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Workplace Religious Accommodation Post-Groff: Heightened Undue Hardship Standard for Employers

Reviewing Accommodation Requests; Demonstrating Substantial Increased Costs; Defending Discrimination Claims

Recording of a 90-minute CLE video webinar with Q&A

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Conducted on Wednesday, September 13, 2023

Recorded event now available

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This CLE webinar will address the recent U.S. Supreme Court's Groff v. DeJoy decision which heightens the standard for employers to demonstrate that an employee's religious accommodation request poses an undue hardship on the company, thereby making it more difficult for companies and their counsel to use this defense. The panel will discuss the new "substantial increased costs" standard and its impact on employers and describe best practices for mitigating the risk of a discrimination claim and preparing to defend such claims.


In its recent Groff v. DeJoy decision, the U.S. Supreme Court heightened the standard for employers to demonstrate that a religious accommodation request was denied because it posed an undue hardship on the company. For over 40 years, the courts used the "de minimis cost" standard first articulated in TWA v. Hardison as the governing standard to determine "undue hardship." However, in Groff, the Court found that the "de minimis cost" standard did not provide the type of protection intended by Title VII, so it created the "substantial increased costs" standard.

The new standard requires an employer to show that "the burden of granting an accommodation would result in substantial increased costs in relation to the conduct of its particular business." The new standard requires the courts to conduct a fact-specific inquiry by looking at "all relevant factors in the case at hand, including the particular accommodations at issue and their practical impact in light of the nature, size and operating cost of an employer."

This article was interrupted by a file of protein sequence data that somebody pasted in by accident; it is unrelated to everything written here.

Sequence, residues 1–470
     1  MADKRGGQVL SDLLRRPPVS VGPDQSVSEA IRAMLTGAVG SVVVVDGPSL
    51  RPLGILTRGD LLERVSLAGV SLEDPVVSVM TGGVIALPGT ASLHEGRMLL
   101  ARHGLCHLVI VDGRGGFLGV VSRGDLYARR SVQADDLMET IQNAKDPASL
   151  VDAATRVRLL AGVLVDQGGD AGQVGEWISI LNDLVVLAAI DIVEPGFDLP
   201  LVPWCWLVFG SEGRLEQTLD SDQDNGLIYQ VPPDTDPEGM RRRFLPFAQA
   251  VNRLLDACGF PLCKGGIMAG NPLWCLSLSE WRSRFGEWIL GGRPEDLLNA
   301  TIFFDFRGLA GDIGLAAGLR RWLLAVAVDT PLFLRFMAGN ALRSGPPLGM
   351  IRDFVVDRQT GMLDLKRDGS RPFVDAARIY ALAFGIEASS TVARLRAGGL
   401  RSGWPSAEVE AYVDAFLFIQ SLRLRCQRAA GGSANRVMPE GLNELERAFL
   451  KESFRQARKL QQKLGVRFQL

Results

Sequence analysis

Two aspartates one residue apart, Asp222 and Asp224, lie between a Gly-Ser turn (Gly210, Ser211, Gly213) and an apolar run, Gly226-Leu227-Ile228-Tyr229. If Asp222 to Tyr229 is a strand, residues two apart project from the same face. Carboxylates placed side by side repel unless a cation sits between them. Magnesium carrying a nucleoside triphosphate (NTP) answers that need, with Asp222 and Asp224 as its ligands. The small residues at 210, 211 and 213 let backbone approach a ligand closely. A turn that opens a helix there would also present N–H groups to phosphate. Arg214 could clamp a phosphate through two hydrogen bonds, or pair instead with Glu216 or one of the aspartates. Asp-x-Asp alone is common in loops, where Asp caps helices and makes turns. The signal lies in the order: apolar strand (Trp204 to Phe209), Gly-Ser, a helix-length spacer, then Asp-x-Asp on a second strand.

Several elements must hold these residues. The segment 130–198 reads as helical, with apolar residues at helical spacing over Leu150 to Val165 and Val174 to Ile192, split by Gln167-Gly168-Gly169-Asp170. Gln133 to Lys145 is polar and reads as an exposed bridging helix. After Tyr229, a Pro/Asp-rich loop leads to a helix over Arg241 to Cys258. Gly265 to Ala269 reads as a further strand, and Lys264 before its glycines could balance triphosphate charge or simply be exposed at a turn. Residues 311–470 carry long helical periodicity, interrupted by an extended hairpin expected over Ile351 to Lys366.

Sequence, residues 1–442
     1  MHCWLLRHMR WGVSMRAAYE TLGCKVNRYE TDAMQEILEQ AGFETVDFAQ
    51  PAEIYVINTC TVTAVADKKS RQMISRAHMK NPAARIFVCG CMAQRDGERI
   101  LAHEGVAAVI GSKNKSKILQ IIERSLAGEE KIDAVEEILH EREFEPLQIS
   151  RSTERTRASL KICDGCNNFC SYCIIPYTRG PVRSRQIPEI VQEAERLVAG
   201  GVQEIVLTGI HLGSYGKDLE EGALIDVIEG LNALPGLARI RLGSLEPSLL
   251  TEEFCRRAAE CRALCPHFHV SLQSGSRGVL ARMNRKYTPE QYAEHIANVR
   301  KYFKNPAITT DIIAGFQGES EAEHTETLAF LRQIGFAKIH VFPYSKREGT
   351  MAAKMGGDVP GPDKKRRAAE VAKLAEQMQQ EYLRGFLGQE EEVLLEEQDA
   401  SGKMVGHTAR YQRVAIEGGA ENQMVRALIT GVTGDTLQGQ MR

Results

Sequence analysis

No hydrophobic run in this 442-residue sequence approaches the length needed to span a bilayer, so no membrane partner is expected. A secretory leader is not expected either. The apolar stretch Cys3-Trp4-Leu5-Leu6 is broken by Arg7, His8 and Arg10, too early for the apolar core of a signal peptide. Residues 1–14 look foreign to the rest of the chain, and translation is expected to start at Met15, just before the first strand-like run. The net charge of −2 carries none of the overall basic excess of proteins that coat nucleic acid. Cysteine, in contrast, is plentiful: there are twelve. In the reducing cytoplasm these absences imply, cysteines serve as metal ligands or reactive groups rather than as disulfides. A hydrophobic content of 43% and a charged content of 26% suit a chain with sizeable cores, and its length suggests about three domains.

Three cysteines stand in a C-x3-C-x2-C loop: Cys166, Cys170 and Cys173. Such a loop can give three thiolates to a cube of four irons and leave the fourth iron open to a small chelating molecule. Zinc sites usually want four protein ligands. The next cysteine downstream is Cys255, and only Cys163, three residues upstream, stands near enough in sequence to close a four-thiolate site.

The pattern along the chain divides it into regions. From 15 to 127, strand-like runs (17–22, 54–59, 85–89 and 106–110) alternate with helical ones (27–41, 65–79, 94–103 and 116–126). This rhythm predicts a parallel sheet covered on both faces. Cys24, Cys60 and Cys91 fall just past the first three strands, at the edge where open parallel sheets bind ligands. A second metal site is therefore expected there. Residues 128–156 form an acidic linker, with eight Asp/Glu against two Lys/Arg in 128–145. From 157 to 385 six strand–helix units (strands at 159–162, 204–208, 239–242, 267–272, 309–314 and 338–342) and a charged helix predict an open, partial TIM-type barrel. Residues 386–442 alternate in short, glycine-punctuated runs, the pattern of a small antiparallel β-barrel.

The Groff decision and the associated publicity surrounding it limits employers' use of the "undue hardship" defense, and has already increased religious accommodation requests from employees. Employers and their counsel should prepare with policies, training, and a process to address these accommodation requests to avoid discrimination and retaliation claims.

Listen as our expert panel discusses the new undue hardship standard, employer considerations when deciding whether to grant religious accommodation requests and best practices to mitigate risk and limit liability.



  1. Overview of religious accommodation pre-Groff
    1. Title VII
    2. TWA v. Hardison (de minimis cost standard)
    3. EEOC guidance
  2. Groff v. DeJoy
    1. Clarifying Hardison
    2. New "substantial increased costs" standard
    3. EEOC effect
  3. Employer best practices to mitigate risk
    1. Policy and procedure review
    2. Management training
    3. Other considerations
  4. Preparing for and defending a discrimination claim
    1. How to demonstrate "substantial increased costs"
    2. What to expect from the EEOC and courts moving forward


The panel will review these and other important issues:

  • How does the new "substantial increased costs" standard differ from the "de minimis cost" standard?
  • What considerations should be made by counsel and their clients when deciding whether to grant an employee's religious accommodation request?
  • What are best practices for addressing and documenting employee requests, evaluating "undue hardship," and defending against discrimination and retaliation claims?
  • What can counsel and their clients expect from the EEOC and courts moving forward?


Barna, Jennifer
Jennifer Stefanick Barna

Senior Counsel
Epstein Becker & Green

Ms. Barna’s practice focuses on civil litigation and corporate counseling in the areas of employment law and...  |  Read More

Harty, Frank
Frank Harty

Nyemaster Goode

Mr. Harty regularly represents companies, nonprofit organizations, and institutions of higher learning in day-to-day...  |  Read More

Zweig, Jay
Jay A. Zweig

Ballard Spahr

Mr. Zweig has 25 years of experience practicing employment law and commercial litigation. He assists employers with...  |  Read More

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